On my TRS-80 I wrote a little machine-language program (not assembly, but machine language--encoded that crap myself) that would look at the position of my joystick and report the result to a batch file.
It was one of the joysticks that you could unlock the springs so it would stay in a position.
Anyway, Upper-left started my BBS, upper-right booted into the OS, lower-left booted into..hmm, I forget what the other two did, but with the fairly long boot times it was great. I could be sitting there playing a game then just flip the joystick to the upper-left, hit the reset button and walk away and a few minutes later it was fully booted into the BBS.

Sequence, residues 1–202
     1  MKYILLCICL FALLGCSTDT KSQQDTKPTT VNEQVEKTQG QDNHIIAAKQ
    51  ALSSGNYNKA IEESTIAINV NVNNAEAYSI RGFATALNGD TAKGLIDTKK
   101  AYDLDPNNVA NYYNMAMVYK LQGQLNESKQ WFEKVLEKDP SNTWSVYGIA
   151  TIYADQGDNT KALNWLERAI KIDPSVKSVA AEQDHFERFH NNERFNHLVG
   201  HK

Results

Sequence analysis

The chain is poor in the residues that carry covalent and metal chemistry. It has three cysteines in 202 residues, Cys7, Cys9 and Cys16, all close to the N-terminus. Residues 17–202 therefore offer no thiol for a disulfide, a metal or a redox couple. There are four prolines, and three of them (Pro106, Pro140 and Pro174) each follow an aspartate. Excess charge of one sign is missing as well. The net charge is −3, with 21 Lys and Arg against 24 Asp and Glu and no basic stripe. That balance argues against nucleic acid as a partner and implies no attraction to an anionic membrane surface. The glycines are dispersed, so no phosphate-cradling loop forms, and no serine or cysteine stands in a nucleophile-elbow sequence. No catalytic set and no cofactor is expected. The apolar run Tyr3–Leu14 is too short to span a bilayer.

Honestly at this point I can't remember if it was my TRS-80 or my first (pre-hard disk) PC. I did most of my hand assembling on the TRS-80, so I think that's what it was.
By the way, to get a joystick value you actually set a bit to charge up a capacitor, then you time how long it takes the bit to reset. The reset is based on the cap discharging through a rheostat (variable resistor)--the amount of resistance is set by the joystick position, so less resistance and it discharges faster.
You just sit there and tie up the CPU doing loops until the bits reset... Fun stuff.